The Eucharist is what keeps me Catholic.  And it's the reason, my unknown inquirer is searching.  But that's a topic for another post.

Monday, August 22, 2011


A Dominican went to a Mass, celebrated by Father Benedict, who is a Franciscan.  Sounds like a joke.  A Dominican, a Benedictine and a Franciscan walk into a bar...

Tonight I met a Franciscan of the Primitive Order.  He celebrated Mass for the Bethany Community.  Father Benedict is missioned to Lawrence, MA.

They are truly mendicants.  They don't work; they beg.  They beg for food and rides and whatever else they need.  Father Benedict was a good preacher, too.  His voice was melodious.  I liked listening to his talk on Mary.

The Order is just starting out and doesn't have many vocations.  Right now, they're in two Massachusetts' cities: Roxbury and Lawrence.  Their Lawrence home is Holy Trinity Church.

May God use them well.

Sunday, August 21, 2011

Another Married Saint

Usually, I read about saints who knew from an early age that they were destined to be a priest, or a nun.  But Conchita knew from an early age that she wanted to married.  And she wanted to marry to have a lot of children.  Why?  She figured that with many children there would be all the more to pray and love God.

Ven. Conchita Cabrera de Armida loved the Blessed Sacrament.  As a child she often prayed in front of the Blessed Sacrament, and often felt incapable of loving God how He deserved to be loved.  Hence her desire to be more people--to love Him move.  This was behind her childish wish to have a lot a lot of children.

Conchita picked out her future husband at age 13, Pancho Armida.  She considered herself engaged to him and never considered anyone else.  She married at age 22 and went on to have nine children.  She attended Mass every day and prayed constantly.  She is considered a mystic and her writings reflect that.  See, Conchita, A Mother's Spiritual Diary, by Fr. Marie-Michel Philipon, OP.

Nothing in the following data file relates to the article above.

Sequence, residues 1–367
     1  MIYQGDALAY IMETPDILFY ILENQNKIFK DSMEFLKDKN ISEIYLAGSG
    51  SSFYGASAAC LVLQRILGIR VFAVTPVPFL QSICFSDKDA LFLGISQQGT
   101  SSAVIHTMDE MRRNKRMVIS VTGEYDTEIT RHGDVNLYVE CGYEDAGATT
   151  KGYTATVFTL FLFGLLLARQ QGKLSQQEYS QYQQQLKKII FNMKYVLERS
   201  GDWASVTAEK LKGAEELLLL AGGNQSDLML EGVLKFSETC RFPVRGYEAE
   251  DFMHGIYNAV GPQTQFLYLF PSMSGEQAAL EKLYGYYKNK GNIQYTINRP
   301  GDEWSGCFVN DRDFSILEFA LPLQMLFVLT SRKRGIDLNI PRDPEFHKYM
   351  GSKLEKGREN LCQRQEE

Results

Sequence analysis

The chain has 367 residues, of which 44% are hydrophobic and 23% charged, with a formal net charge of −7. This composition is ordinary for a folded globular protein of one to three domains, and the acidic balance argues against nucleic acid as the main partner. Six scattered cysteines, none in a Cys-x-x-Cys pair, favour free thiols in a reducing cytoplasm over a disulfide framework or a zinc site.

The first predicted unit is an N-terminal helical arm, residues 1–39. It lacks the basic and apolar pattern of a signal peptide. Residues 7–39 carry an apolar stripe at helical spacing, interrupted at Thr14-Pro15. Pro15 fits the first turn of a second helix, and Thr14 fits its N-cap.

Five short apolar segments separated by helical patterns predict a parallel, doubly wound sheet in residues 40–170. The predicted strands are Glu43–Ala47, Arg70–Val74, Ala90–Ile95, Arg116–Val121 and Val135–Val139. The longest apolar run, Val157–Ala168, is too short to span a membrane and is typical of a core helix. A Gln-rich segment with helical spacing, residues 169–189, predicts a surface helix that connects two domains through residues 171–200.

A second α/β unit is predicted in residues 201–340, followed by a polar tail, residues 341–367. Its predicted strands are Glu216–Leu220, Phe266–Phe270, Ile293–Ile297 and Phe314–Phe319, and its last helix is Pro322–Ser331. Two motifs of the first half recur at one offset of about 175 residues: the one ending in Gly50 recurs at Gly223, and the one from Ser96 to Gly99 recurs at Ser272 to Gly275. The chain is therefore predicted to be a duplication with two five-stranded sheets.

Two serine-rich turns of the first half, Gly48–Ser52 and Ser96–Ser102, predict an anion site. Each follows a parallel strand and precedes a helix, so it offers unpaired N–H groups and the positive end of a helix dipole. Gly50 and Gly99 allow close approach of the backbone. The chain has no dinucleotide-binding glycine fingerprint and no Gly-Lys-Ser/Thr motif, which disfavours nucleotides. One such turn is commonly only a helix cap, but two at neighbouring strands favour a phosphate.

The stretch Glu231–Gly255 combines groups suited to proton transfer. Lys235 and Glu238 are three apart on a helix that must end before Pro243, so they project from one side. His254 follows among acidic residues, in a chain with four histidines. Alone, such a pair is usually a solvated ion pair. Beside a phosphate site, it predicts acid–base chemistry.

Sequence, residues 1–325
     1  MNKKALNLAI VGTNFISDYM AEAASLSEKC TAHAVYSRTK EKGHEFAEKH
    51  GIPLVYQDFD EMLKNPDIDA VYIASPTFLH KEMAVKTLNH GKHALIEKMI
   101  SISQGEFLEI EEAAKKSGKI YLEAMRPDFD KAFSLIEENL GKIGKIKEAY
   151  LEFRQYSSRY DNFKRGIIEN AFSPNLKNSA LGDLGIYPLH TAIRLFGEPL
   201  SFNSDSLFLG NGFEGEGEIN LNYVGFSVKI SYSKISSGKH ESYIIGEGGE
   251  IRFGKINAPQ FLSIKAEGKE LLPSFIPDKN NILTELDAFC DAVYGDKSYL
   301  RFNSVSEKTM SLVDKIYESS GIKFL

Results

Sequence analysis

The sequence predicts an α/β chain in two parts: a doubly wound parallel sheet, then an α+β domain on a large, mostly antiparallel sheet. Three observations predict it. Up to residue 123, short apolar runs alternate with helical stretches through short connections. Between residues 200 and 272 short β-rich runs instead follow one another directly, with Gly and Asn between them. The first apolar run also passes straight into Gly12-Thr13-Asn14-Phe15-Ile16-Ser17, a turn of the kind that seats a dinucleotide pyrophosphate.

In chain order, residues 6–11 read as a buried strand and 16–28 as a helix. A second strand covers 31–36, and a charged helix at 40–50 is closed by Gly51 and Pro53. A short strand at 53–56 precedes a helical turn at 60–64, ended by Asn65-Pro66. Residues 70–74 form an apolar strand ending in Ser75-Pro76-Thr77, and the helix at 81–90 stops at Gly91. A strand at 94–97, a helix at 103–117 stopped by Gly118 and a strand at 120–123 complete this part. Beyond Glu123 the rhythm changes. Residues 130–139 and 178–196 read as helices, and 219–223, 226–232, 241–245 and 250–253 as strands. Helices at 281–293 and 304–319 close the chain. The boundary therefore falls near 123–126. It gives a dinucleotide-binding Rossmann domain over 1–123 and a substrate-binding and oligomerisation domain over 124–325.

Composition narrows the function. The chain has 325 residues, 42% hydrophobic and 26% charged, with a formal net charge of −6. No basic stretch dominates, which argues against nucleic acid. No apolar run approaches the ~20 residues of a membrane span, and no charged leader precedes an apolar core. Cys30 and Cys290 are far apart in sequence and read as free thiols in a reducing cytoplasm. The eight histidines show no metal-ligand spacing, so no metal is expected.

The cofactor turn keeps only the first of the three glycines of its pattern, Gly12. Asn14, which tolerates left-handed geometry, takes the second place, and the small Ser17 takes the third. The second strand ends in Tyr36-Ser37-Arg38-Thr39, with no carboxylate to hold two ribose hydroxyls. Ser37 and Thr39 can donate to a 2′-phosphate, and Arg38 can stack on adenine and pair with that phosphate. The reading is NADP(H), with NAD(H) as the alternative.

There's a Face Book Page dedicated for her cause (with lots of pictures).  She is a venerable now, on the way to beatification.  Her writings were widely read and inspired the establishment of the "Works of the Cross," in Mexico, "the Apostolate of the Cross," the "Congregation of Sisters of the Cross of the Sacred Heart of Jesus," the "Covenant of Love with the Heart of Jesus," the Priestly Fraternity," and the "Congregation of Missionaries of the Holy Spirit."

Pancho died when she was 39.  Her youngest was two, and it was during the Mexican Civil War.  Her prayers allowed her and her family to get through the turmoil.  She said that God told her that she was to suffer and write.  That was her charism.  She never claimed visions, but often spoke as if Jesus had conversed with her.

There's a nice video on You Tube dedicated to her.  Conchita lived to age 75, dying in 1937.  She was a woman, a wife, a mother, a grandmother, a mystic, a writer, a religious activist, and a servant of God.

*  h/t to Fr. Kevin Kraft, OP, and his research on married saints

Related articles
Enhanced by Zemanta

Saturday, August 20, 2011


Three questions today: why did it rain and why are people like that, and why does it get to me.

We went to the beach today.  It was a beautiful day.  There were a few white fluffy clouds, but the weather said no rain today.  I put my feet in the water.  It was a little cold.  Hubby would say "It's refreshing."  So I settled in the beach chair with my kindle.

Suddenly, I felt sprayed with water sprinkles.  I looked around and there weren't a kids or any reason for me to feel water. My kindle was getting wet.


There weren't any clouds.

This is what is called a sun shower.  It doesn't last long and at first it felt nice.  But then it got cold.  Nobody moved off the beach.  I took my beach towel and covered myself like a blanket.  And after about five minutes, it stopped.

Then another interruption.  We had picked this spot on the beach because it was an isolated area.  There was no one around.  But when other people come, please tell me why, out of the entire empty beach, they have to sit smack so damn close to us?  They were practically sitting in our laps.

This always happens.  Sometimes we boat out to one of the islands and pick a deserted spot.  Then along comes another boat.  They have the entire island to anchor, but guess where they pick.   Why?

I don't know why, but this annoys me.

Friday, August 19, 2011

"Everybody's Talking at Me"